Hester and Dimmesdale have a very unique love for eachother. Their love is reminiscent of Romeo and Juliet in the way that they are not able to pursue it. They are people who have been hardened and hurt by their past mistakes. They share that connection with each other unlike anyone else. Hester and Pearl go to meet up with Dimmesdale in the forest in complete effort to keep their relationship a complete secret.
Mahatma Gandhi, a civil rights activist, once stated, “I do not seek redemption for the consequences of my sin. I seek to be redeemed from sin itself. Until I have attained that end, I shall be content to be relentless.” Gandhi, similarly to Hawthorne, believed that sin had to be penanced and redeemed in order to learn from a misdeed, and hopefully, not to be repeated. Nathaniel Hawthorne, author of The Scarlet Letter, clearly integrated his opinion on sin through his writing.
After Dimmesdale and Hester have their discussion in the forest about freeing themselves from the harsh Puritan society, Dimmesdale ends up having a characteristic transformation. Dimmesdale feels that he has just released his sin that he has been keeping secret all this time, which causes him “at every step to do some strange, wild, wicked thing or another, with a sense that it would be at once involuntary and intentional, in spite of himself, yet growing out of a profounder self than that which opposed the impulse.” This passage is closely foreshadowing how in the new future, Dimmesdale is going to break free from his common characteristic of the noble minister, that he has worn so far throughout the story. Hawthorne also chooses to mention
Shame in the Face of the Public Consequences of crimes are often unfit or unjust, but public humiliation serves as a fit consequence to any situation. In Nathaniel Hawthorne’s The Scarlet Letter, Lydia Woodyatt’s “The Power of Public Shaming, for Good and for Ill,” and Herbert Wray’s “The Two Faces of Shame,” the authors convey the effectiveness of public humiliation. Public shaming is effective by impacting a person’s character through guilt and embarrassment. Public shaming became a way of reshaping human character.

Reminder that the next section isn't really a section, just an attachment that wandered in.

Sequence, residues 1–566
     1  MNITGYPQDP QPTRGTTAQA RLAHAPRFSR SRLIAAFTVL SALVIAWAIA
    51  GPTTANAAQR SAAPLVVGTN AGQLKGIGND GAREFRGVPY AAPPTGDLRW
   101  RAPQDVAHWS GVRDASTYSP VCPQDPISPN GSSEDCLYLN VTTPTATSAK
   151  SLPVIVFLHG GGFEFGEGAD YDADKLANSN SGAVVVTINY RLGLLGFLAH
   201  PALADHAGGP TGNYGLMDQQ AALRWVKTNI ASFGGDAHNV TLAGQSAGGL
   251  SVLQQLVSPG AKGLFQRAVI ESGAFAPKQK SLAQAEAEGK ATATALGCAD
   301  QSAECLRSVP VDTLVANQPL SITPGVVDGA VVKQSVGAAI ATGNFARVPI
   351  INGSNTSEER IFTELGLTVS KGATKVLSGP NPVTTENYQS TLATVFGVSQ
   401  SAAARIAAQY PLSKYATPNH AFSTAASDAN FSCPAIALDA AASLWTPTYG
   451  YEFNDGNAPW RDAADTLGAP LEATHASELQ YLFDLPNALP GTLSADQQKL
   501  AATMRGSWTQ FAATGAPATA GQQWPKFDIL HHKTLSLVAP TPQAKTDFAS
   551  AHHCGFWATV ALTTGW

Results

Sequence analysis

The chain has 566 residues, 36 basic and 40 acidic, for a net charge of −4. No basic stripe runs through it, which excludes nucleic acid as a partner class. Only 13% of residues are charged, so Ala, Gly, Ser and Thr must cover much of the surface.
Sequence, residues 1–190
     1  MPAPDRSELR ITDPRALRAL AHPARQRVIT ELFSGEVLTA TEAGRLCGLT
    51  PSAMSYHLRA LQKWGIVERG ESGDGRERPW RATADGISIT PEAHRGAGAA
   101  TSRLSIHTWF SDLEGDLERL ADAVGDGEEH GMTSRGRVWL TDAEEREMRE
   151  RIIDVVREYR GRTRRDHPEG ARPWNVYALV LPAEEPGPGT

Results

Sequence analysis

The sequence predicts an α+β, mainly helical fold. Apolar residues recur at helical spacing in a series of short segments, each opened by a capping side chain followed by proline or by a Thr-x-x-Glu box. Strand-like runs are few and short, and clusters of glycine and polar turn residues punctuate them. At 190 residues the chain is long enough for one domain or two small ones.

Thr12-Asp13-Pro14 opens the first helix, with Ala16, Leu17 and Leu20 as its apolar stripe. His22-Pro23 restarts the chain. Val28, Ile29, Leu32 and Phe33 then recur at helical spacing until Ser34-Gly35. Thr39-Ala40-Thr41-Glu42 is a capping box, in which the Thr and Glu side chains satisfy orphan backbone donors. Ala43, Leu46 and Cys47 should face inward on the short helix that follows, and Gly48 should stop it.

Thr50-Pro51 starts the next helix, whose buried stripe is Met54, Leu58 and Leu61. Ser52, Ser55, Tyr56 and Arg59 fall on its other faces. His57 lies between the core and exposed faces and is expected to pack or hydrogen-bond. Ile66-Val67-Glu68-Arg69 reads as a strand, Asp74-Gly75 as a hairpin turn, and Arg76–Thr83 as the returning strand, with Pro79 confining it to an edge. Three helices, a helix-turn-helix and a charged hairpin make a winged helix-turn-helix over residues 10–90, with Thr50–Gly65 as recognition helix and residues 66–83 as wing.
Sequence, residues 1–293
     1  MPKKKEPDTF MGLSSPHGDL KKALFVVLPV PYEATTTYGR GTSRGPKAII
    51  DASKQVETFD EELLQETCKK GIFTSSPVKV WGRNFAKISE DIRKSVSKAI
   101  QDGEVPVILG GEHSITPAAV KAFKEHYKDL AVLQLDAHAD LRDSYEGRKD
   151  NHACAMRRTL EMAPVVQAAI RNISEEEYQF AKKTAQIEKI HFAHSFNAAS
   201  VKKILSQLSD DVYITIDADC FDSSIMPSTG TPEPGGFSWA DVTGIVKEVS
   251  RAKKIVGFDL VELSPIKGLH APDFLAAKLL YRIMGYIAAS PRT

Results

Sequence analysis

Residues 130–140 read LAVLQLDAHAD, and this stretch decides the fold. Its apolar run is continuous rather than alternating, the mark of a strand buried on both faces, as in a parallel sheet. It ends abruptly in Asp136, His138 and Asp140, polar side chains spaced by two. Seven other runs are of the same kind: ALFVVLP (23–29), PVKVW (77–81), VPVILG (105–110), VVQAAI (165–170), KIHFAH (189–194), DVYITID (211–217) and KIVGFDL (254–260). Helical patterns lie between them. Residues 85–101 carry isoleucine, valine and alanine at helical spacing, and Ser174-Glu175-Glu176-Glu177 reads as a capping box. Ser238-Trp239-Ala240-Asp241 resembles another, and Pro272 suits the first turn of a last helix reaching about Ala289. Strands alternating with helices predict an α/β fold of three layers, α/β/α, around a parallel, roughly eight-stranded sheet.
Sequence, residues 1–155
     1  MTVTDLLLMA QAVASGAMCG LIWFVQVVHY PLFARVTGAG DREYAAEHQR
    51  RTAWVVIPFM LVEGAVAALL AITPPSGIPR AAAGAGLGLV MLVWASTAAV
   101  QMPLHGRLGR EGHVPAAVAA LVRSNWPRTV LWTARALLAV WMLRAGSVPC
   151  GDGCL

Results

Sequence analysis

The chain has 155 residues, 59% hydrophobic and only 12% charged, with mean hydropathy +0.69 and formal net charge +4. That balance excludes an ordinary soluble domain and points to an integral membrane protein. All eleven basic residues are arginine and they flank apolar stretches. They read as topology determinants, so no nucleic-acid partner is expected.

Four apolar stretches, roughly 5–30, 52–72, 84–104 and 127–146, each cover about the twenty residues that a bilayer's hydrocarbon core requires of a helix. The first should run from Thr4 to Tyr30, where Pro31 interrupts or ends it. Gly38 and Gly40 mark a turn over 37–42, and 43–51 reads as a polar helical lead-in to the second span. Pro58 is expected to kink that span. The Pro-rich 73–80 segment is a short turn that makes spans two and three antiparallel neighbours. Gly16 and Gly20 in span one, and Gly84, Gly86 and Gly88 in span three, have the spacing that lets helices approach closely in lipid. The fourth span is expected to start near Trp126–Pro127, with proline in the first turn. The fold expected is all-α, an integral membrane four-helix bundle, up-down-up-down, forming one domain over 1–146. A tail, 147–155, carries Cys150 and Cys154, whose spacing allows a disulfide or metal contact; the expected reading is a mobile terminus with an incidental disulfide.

Throughout the history of literature, forests or woods were used to symbolise a lost in morals or spirituality. The devil or The Black man was used to symbolise corruption or evil. Nathaniel Hawthorne uses forests and The Black Man to embody the spiritual and moral struggles of Hester Prynne, Arthur Dimmesdale, and Roger Chillingworth in his novel The Scarlet Letter. The first time Roger Chillingworth appears to the readers, is during the first scaffold scene. He was deformed and hunchbacked.
Fatal flaws have been shown in works of literature throughout the centuries, causing the destruction of many characters. In the novel, The Scarlet Letter by Nathaniel Hawthorne, three of the main characters each have a fatal flaw. The novel, set in Puritan Boston between 1642-1679, tells the story of Hester Prynne through third person narrative. Hester begins her journey in the novel when she is brought from jail for her punishment in having an affair with someone in the town, resulting in her pregnancy. Her husband, Roger Chillingworth, who she believed dead, sought out revenge against the unknown father of Hester’s child.